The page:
In an unusual False Claims Act case, two whistleblowers accused Fifth Third Bancorp of defrauding the U.S. Treasury by overvaluing commercial properties. By artificially inflating the value of commercial assets, the bank increased the risks to TARP and the Federal Reserve and misled both regulators and shareholders about the bank’s financial health and stability.
According to the lawsuit filed by whistleblowers John Ferguson and George Mann, roughly 20% of the bank’s $20 billion commercial loan portfolio is overvalued. That means there is no collateral for approximately $4 billion in loans on Fifth Third’s books!
Regulators require banks to conduct accurate appraisals of properties that are used to back loans. Shareholder rely on these valuations. Although the federal government does not directly back commercial loans, regulators and investors still need to know that banks have sufficient assets to remain financially healthy.
The Federal Reserve requires banks to maintain appropriate appraisal standards. Fair appraisals prevent borrowers from becoming over-extended and banks from being under-capitalized.
The Federal Reserve requires banks that are under-capitalized to hold more of their cash in reserve in case of defaults. Banks would rather leverage their money and use their cash to make more loans. There is a direct incentive, then, to lie about the value of collateral backing loans.
The two whistleblowers claim that Fifth Third intimidated and pressured appraisers to raise values on their appraisals. In some instances they claim the bank closed on loans without a complete appraisal.
It’s hard to measure damages in a commercial loan case since the government doesn’t insure these loans. We do know, however, that Fifth Third received $3.4 billion in taxpayer monies during the height of the financial crisis. These monies came from the Troubled Asset Relief Program or TARP.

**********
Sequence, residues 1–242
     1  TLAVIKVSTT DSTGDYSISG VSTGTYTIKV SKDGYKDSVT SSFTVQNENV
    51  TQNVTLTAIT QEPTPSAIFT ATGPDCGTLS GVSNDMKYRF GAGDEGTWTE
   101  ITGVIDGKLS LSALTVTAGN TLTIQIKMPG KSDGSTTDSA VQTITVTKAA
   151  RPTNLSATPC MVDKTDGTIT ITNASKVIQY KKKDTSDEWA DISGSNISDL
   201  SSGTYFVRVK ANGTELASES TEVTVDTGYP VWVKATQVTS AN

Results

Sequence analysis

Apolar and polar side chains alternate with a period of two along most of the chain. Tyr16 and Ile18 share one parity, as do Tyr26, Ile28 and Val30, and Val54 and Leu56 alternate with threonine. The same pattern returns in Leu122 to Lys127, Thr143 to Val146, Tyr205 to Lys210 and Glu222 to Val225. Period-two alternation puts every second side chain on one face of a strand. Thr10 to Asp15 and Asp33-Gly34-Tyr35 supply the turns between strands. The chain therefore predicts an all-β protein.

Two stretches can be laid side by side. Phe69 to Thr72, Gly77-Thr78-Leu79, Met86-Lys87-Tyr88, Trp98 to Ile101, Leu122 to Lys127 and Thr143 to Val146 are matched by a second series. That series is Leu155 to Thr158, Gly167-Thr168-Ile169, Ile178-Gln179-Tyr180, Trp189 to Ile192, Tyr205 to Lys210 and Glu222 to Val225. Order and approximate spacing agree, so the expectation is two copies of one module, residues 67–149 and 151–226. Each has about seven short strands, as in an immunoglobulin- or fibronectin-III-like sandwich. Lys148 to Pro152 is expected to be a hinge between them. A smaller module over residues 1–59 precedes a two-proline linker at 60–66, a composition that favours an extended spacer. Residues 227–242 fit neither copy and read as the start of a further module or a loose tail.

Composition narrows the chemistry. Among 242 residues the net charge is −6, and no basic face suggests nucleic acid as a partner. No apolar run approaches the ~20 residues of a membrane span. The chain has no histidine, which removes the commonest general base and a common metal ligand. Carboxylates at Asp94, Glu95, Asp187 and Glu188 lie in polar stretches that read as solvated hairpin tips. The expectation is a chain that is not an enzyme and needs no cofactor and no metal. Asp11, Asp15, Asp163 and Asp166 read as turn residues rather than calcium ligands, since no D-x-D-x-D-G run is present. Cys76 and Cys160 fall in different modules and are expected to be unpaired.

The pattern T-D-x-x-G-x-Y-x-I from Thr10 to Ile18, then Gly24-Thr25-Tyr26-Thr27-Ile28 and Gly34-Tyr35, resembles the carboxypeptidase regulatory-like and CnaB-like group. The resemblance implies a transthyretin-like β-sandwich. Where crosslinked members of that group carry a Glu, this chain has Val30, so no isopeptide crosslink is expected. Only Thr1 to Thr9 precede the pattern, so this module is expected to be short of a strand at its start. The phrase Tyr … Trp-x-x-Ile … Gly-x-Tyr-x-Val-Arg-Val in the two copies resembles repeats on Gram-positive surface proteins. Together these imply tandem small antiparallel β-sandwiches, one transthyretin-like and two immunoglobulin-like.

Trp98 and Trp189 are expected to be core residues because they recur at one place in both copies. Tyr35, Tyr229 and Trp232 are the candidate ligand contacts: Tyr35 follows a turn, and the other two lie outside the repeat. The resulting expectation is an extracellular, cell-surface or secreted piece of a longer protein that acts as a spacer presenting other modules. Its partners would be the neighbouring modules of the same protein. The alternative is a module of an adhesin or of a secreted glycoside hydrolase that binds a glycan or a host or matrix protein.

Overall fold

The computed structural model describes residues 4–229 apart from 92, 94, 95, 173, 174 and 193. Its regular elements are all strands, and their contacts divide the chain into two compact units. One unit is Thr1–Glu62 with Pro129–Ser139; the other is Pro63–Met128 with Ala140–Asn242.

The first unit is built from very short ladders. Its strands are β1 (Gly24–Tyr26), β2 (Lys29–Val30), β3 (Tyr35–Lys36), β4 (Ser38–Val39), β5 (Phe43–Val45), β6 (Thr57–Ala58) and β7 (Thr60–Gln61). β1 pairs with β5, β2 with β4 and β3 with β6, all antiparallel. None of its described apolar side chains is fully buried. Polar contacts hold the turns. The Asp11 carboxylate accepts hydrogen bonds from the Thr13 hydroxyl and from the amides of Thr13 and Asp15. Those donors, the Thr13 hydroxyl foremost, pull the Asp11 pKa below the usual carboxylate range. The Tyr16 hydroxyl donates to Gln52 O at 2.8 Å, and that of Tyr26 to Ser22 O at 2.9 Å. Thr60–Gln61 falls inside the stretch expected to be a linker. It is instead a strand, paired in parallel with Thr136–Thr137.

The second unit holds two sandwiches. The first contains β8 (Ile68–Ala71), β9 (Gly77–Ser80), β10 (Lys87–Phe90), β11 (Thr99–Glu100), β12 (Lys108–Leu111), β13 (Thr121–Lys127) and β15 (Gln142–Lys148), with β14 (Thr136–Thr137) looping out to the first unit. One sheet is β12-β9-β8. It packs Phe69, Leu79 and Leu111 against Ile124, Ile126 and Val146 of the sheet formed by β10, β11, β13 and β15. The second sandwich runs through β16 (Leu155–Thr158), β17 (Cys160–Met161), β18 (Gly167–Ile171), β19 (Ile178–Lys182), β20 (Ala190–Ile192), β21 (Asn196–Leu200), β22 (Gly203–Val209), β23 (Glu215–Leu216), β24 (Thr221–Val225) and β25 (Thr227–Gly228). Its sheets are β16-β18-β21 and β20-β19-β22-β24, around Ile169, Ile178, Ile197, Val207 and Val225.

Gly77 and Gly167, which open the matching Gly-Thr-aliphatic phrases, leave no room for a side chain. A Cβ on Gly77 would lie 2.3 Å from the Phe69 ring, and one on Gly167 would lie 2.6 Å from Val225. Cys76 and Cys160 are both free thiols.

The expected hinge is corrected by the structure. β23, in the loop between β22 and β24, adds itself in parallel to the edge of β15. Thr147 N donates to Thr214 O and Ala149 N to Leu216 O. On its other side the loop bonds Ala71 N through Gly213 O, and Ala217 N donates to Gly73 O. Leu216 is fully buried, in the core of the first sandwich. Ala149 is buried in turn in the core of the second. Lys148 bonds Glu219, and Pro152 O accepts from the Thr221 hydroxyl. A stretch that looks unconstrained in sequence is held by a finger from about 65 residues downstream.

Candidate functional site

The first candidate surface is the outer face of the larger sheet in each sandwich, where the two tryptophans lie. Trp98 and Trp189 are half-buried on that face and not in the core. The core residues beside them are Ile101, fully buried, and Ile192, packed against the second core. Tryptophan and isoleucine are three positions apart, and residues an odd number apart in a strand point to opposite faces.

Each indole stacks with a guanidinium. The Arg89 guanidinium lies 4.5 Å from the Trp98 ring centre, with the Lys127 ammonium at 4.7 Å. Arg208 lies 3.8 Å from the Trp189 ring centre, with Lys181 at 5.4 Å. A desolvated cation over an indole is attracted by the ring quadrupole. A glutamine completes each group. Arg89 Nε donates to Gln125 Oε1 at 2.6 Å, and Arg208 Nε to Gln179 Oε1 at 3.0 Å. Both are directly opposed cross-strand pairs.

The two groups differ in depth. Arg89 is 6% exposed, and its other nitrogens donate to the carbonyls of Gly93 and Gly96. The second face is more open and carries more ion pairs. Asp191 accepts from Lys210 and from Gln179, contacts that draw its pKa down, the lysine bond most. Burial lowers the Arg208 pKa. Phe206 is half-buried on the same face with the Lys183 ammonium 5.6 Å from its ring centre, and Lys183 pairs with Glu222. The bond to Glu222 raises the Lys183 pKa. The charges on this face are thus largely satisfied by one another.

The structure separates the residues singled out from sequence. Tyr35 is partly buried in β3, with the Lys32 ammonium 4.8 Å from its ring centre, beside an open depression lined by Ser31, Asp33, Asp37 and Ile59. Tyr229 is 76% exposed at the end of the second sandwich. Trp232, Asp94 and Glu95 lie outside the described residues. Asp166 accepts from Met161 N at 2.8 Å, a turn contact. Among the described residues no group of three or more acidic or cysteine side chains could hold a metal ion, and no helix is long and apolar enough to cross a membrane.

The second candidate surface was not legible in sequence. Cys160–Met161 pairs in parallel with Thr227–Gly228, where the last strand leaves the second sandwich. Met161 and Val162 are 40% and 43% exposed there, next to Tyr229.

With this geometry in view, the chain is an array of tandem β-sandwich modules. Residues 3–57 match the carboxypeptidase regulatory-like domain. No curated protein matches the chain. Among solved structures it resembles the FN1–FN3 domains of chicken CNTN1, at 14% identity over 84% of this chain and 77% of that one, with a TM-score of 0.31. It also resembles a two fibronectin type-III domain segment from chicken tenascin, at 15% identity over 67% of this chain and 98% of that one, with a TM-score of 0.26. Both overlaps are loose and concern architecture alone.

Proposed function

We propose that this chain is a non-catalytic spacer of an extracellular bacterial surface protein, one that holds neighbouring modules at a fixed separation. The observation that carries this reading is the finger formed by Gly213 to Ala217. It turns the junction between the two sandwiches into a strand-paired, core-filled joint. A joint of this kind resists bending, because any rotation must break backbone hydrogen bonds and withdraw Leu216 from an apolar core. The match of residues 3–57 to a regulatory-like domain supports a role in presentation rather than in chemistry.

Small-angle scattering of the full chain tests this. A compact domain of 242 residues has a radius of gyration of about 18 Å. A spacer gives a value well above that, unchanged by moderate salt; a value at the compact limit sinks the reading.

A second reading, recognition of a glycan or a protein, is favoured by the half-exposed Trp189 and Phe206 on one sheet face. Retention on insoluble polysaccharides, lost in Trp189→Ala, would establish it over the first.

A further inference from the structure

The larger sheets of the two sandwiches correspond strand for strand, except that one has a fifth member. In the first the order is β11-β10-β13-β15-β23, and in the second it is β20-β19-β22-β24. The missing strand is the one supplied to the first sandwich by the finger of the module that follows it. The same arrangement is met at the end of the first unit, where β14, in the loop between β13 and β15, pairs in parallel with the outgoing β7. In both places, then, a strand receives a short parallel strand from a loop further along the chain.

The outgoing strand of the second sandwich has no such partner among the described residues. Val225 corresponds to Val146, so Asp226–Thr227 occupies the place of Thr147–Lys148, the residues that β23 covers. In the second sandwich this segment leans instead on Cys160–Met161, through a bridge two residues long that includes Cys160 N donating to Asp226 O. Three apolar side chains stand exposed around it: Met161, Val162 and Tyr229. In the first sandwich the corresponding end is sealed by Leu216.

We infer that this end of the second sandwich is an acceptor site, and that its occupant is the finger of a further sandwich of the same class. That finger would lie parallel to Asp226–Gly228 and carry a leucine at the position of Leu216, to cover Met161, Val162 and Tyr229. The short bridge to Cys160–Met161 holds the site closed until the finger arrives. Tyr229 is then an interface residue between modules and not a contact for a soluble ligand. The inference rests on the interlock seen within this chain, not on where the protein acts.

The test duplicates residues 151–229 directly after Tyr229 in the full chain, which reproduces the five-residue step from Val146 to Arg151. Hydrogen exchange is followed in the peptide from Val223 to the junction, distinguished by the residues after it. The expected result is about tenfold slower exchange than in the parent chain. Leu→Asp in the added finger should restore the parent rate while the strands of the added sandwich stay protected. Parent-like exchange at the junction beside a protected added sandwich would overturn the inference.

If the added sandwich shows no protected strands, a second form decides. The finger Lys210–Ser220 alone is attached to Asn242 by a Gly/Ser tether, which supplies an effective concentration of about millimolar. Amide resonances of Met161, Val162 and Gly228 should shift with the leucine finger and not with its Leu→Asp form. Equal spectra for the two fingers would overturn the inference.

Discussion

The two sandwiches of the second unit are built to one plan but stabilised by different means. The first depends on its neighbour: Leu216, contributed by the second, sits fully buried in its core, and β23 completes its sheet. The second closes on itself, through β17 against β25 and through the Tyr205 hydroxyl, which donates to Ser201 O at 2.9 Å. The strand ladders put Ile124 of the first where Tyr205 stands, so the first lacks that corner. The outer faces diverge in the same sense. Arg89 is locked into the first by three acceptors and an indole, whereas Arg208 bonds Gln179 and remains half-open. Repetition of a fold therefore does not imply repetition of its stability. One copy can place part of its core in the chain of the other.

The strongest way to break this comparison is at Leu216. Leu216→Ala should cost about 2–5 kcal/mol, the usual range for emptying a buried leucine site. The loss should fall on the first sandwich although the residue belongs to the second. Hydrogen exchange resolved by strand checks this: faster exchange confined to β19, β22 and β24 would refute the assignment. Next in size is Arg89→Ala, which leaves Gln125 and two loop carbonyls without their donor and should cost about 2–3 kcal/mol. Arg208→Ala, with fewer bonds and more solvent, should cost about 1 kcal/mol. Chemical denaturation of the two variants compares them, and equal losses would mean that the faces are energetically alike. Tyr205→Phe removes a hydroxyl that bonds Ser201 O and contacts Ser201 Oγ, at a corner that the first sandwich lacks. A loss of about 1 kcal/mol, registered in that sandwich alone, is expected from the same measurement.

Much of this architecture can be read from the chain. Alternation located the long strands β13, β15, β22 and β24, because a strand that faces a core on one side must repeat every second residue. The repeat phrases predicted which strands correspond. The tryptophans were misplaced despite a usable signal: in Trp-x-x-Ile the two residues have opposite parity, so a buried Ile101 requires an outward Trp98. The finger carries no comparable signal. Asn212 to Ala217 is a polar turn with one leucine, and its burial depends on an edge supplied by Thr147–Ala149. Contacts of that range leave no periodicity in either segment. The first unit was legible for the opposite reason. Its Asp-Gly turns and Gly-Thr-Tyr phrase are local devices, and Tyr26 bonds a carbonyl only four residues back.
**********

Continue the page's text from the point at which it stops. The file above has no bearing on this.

Residential mortgages are a different story but there were also problems there as well. One of the two whistleblowers, George Mann, says that while he worked at Fifth Third, some of the bank’s appraisers were unlicensed. He says things were so bad at the bank that Fifth Third became known in the industry as “the lender of last resort” meaning everyone who applied got a loan.
Residential mortgages are mostly backed by Fannie Mae, Freddie Mac and the FHA. When a borrower defaults taxpayers are left on the hook.
In settling the case, Fifth Third agreed to pay a penalty of $85 million, all of that attributed to the residential loans. Of 1439 suspect home loans, 519 have already defaulted.
Typically banks are not required to admit guilt when settling cases. A recent policy statement from the Department of Justice suggests that the government intends on holding both banks and individual bankers more accountable. A Justice Department press release issued earlier this week says the bank has admitted its guilt and has terminated the employees responsible for the violations.
While we welcome the increased scrutiny by the Justice Department, we still wonder if any senior management were among those terminated.
In announcing the settlement, Manhattan’s U.S. Attorney Preet Bharara said, “Federal insurers rely on banks when they promise that the mortgage loans they originate are eligible for that insurance. When banks discover that some of the loans are lemons and that their promises of quality were false… they must come forward and report it promptly, so that taxpayers don’t get stuck with the bill.”
Much of the case remains sealed and the Justice Department’s statement does not say how much the two whistleblowers will be paid. Generally whistleblowers receive between 15% and 30% of whatever the government collects.
The statute of limitations on many of the financial crisis era underwriting and appraisal frauds has expired. These acts of bank misconduct, however, may still give rise to an award under the Financial Institutions Reform, Recovery and Enforcement Act (FIRREA). Although those awards are capped at $1.6 million, whistleblowers can still receive a meaningful award.
Have questions or want to learn more about becoming a whistleblower? Give us a call. In the last 12 months we have helped our clients receive over $100 million in awards. For more information, contact attorney Brian Mahany at or by phone at (414) 704-6731 (direct). All inquiries kept strictly confidential.
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